Surgeries often unnecessary, study suggests
Elective operations: Doctors prescribe procedures without first assessing need

Brad Evenson
National Post

Tuesday, September 03, 2002

Surgeons across Canada often perform elective surgery on patients with little regard to whether they need it or not, a new study has found.

The three-year study, which looked at procedures such as cataract surgery, hysterectomy and total hip replacement, found patients are often unsatisfied with their results, but surgeons often do not seem to care.

"Some surgeons may have difficulty accepting the evidence that patients' self-reported [quality of life] is a more valid outcome measure than their own impressions of outcomes," says the study, published today in the Canadian Medical Association Journal.

Roughly 50% of all hospital admissions for surgery are for elective procedures, which are defined as non-life- or limb-threatening. But with skyrocketing health care costs, researchers have begun seeking ways to determine who should have these expensive operations.

For example, the number of hysterectomies (the surgical removal of the uterus) performed varies sharply across the country. So does the rate of birth by Caesarean section.

"All you can say is there is no good medical explanation for the very large differences in surgery for these elective things," said lead investigator Charles Wright of the Centre for Clinical Epidemiology and Evaluation at Vancouver Hospital and Health Sciences Centre.

The researchers looked at six common operations and found patients often appeared to have little need for surgery.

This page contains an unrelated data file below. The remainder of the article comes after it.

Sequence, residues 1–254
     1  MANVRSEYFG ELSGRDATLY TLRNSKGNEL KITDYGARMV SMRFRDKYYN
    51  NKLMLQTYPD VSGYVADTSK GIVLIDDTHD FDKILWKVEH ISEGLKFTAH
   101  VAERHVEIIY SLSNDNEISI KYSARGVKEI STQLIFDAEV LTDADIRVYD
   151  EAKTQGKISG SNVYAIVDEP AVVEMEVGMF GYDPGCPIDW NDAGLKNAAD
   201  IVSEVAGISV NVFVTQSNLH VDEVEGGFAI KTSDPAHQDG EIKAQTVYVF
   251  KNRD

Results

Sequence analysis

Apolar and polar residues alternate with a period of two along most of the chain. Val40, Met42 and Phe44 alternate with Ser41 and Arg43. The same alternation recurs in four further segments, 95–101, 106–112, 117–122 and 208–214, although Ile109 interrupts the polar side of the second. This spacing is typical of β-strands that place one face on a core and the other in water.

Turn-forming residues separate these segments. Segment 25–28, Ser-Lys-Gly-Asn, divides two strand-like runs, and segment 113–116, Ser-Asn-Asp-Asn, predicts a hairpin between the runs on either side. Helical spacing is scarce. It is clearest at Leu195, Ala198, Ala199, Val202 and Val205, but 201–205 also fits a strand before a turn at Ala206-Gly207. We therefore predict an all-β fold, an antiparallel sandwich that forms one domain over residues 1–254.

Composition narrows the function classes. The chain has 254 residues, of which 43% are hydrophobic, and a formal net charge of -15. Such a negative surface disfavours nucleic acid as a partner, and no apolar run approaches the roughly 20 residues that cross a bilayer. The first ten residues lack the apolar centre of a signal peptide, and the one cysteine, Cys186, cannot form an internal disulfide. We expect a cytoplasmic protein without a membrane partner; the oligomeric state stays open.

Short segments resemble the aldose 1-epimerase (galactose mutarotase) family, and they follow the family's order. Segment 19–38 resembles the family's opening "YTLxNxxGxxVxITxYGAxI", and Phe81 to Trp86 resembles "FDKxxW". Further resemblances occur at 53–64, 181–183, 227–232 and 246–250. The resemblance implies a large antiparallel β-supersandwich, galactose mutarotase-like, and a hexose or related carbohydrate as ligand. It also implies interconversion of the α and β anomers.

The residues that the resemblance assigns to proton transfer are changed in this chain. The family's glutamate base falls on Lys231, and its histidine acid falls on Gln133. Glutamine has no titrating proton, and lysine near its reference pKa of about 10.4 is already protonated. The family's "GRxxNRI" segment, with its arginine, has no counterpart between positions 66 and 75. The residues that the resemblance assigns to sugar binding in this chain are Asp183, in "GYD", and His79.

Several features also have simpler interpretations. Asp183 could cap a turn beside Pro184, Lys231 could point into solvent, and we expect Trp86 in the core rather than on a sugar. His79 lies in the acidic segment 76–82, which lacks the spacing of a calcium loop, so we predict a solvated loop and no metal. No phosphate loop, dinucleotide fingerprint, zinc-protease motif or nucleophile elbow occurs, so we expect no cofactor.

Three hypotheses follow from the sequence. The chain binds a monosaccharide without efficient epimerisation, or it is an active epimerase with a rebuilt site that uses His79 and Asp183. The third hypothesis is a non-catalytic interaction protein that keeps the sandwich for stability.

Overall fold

For example, 32% of patients booked for cataract surgery scored higher than 90 points on a 100-point scale, suggesting their vision was reasonably good.

When the patients were asked to fill out a health-related, quality-of-life questionnaire, 27% of the cataract patients said they had little or no improvement in their vision.

"Look at the cataract results, which were less than stellar, and you might suggest that some of the ophthalmologists should be a little more selective in the patients that they choose to operate on," Dr. Wright said.

"I'm not going to blame the surgeons 100% because we have a society where people expect everything to be dealt with and I'm sure a lot of these people with cataracts ... had very minimal disability. Maybe they're beginning to get just a little bit of haze at night on their vision and they go running to their doctor."

By contrast, 94% of patients who had a total hip replacement said their quality of life improved.

"If you've got severe pain in your hip and you can't go shopping and you can't wipe your own [bottom], then of course you're going to accept the risks and the [quality of life] results, consequently, are very good," Dr. Wright said.

"Whereas if you have very, very minor interference with your vision, you're going to be very upset if you get a surgical complication that makes you half-blind. That doesn't happen very often, but it can happen."

When surgeons in the study were shown the patient questionnaires, they were not enthusiastic. Almost half said they were not interested in such information.

"Patients always believe the surgery will be miraculous and solve all their problems," said an Ottawa surgeon who asked not to be identified.

"So even if you perform a 100% perfect procedure, with no infection, minimal scarring and no complications, they're going to complain. How is that relevant?"

In fairness, Dr. Wright says, tools such as quality-of-life questionnaires are fairly new. However, he said similar tools, such as questionnaires about how badly they need surgery, will someday be a fact of life in Canadian hospitals.

"I think that's entirely reasonable" in an environment where health costs must be controlled he said. "And that's going to happen as we get more rigourous in this sort of thing."